Elen was somewhat taken back. “But surely Shastan is not like that.”
“Oh he’s much worse,” Ladril declared, turning up the drama. “I would have been done for long ago if I hadn’t kept a sword at my side every night. His only desire in life is to rob people blind!”
He could almost feel Elen’s hopes being dashed, but her face remained firm. “I refuse to believe that. Shastan does not seem like that kind of person at all.”
“I understand your reasoning, lady,” Ladril shrugged. “He does look somewhat innocent in appearance, and you have lived a very sheltered life.”
Elen raised a brow. “I would hardly call nursing wounded soldiers a sheltered life.”
Ladril had to agree with her there: nurses see the same amount of horror any soldier would see on the battlefront. For all the time he knew Iorwen while she labored continuously in the Houses of Healing, he could not deem her ignorant to the cruel realities of the world…
Suddenly it hit him. It hit him with all the force of a charging mumak. That’s how Elen already knew his name! It had to be!
“Er…my lady…” Ladril said, trying to contain himself. “While you worked at the Houses of Healing…did you happen to know…Lady Iorwen?”
There was a visible smirk on Elen’s face. “Why yes, Master Ladril. She and I were quite good friends.”
What did she say about me?! Ladril wanted to cry out, but his expression remained poised. “…Did Lady Iorwen possibly…by chance…ever mention me?”
Elen gazed up at the sky thoughtfully. “…Why yes, now that you mention it, she did.”
“What did she say?” Ladril blurted, unable to hold it any longer.
“I am afraid I am not allowed to tell you, Master Ladril.”
“Why not?” Ladril demanded.
“One cannot betray what is disclosed between two women. It simply isn’t done.”
“But lady,” Ladril got on one knee beside Elen and spoke as sweetly as possible. “We are out in the middle of the wild. No one will ever know but the two of us, and I won’t breathe a word of what you say. Just tell me what Iorwen thinks of me and I’ll keep it to myself. I swear.”
“It isn’t as easy as that; it is a matter of honor,” She insisted. “Secrets between women are not to be taken lightly. They cannot be repeated for any other ears no matter what the circumstance.”
“But women gossip all the time,” Ladril stated plainly.
“Well!” Elen cried. “If you hold women in such poor regard then I will not tell you anything!”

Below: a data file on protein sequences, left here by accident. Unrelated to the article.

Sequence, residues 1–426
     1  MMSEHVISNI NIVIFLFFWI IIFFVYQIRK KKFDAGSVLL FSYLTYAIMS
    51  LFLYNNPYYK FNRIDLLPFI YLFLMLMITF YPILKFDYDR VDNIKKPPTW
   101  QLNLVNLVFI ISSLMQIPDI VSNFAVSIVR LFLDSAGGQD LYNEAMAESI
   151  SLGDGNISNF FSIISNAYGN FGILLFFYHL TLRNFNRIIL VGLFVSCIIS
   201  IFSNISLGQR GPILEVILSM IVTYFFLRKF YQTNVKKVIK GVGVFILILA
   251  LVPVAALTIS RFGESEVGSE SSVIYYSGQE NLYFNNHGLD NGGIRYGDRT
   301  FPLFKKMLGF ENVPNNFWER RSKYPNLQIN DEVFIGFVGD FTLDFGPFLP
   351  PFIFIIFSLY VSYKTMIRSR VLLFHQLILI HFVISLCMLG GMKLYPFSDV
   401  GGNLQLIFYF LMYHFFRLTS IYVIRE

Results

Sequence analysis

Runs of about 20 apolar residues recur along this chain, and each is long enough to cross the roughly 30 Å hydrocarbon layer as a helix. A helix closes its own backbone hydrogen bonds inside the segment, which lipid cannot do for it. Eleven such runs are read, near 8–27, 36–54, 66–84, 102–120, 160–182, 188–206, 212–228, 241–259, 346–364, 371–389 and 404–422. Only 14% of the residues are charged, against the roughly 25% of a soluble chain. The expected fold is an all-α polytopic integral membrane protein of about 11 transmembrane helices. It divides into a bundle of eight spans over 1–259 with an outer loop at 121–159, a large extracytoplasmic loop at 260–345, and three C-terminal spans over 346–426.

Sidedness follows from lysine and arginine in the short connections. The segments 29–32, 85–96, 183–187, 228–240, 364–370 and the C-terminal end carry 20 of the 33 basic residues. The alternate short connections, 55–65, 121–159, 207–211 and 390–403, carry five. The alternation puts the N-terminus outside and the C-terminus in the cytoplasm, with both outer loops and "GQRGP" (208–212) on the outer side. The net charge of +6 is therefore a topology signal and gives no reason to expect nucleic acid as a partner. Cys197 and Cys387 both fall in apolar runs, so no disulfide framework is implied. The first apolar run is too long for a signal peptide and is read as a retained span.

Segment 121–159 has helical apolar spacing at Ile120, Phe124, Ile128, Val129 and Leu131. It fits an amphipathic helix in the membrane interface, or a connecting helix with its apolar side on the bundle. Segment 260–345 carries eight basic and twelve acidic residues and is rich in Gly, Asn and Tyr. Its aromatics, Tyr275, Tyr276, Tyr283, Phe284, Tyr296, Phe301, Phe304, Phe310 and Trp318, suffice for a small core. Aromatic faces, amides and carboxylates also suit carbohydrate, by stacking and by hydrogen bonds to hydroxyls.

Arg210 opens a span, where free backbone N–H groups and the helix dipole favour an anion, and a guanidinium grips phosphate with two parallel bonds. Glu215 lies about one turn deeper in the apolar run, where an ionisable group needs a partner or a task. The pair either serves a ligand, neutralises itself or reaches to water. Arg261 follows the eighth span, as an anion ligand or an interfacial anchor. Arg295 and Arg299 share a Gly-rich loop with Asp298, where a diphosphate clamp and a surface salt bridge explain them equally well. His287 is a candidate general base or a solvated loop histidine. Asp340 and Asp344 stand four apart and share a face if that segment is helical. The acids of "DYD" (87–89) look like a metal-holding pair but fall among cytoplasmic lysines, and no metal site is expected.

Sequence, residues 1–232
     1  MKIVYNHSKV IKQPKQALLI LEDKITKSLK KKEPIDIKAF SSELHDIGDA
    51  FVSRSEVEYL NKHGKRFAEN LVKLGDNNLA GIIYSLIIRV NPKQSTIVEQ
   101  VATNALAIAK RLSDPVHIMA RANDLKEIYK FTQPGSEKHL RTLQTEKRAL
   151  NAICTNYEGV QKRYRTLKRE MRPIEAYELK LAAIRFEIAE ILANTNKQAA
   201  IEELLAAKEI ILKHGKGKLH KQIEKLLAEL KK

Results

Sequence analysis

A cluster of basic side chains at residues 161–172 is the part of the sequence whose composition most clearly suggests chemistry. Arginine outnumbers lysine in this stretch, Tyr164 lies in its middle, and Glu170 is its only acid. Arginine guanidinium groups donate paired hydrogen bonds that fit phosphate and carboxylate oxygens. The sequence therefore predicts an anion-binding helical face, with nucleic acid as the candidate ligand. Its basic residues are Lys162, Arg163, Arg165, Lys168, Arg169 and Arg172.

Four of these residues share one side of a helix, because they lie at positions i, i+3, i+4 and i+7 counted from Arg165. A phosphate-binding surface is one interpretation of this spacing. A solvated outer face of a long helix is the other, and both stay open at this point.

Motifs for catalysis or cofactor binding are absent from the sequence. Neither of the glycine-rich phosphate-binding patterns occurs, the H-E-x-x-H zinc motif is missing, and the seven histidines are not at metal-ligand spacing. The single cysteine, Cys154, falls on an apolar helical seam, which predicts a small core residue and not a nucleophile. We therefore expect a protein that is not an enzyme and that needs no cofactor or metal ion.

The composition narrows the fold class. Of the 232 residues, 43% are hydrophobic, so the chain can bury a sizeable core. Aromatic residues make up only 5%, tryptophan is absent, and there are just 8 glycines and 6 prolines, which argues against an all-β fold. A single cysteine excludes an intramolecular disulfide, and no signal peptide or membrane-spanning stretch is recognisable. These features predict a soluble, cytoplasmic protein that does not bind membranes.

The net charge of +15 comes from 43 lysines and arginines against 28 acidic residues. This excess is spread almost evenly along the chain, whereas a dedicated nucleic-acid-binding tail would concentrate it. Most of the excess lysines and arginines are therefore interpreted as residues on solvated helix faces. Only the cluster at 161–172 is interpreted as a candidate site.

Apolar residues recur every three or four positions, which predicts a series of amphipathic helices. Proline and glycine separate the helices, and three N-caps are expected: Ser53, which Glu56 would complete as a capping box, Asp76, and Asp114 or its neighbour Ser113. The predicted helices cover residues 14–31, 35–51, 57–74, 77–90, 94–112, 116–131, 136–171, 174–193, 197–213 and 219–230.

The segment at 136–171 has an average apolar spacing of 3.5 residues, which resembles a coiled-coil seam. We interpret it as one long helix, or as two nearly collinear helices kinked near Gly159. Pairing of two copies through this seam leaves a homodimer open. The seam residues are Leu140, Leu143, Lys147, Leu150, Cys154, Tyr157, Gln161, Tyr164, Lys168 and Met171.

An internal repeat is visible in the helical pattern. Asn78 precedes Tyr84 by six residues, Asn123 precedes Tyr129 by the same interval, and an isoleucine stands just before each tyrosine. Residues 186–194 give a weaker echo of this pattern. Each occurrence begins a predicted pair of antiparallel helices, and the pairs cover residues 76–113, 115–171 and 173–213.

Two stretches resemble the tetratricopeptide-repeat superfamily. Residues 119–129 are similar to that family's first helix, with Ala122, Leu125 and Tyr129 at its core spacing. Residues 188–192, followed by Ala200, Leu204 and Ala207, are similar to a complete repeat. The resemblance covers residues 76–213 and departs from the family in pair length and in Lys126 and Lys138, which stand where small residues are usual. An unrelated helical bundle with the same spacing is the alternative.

“No wait!” Now Ladril was on both knees. “I’m sorry, that was very rude and inconsiderate and it will not happen again! Just please tell me what Iorwen said!”
“It’s too late for that,” Her voice was dripping with thorough disgust. “Your disrespect for women has left me deeply insulted.”
“I have respect for women! I have great respect for women!”
“If that is true then you will leave a very distraught lady in peace.”
This left Ladril completely speechless. He wanted, no needed an answer from Elen but he didn’t want to make the situation worse. In the end he stiffly rose and backed out of the camp, giving a grudging bow before leaving.
As soon as he was gone, Elen squeezed a hand around her mouth to suppress a torrent of giggles.
Shastan looked up as Ladril approached in scorching rage.
“…How did it go?” Shastan tried.
“Women!” Ladril heatedly spat.
“It’s wise never to get involved with them.”
“But why are women like that?” Ladril demanded. “Why do they have to complicate every single word a man says?”
Shastan pondered a moment. “…Either they’re stupid or they’re very very clever. That’s the trouble with women, I’m afraid: you can never predict what they’ll do.” With some thought he added “-Sort of like the chicken when you cut its head off.”
…Ladril stared at the Swerting blankly. “You can’t compare women to chickens, Shastan.”
“Well I don’t know how else to describe it! I don’t know anymore about women than you do!”
“…And that’s a shame,” the ranger speculated. “Because we’re going to be stuck with one for quite some time.”
There was a slight pause as the words sank in.
“So what should we do?” Shastan wondered.
“We start learning.” With that Ladril turned back for the camp.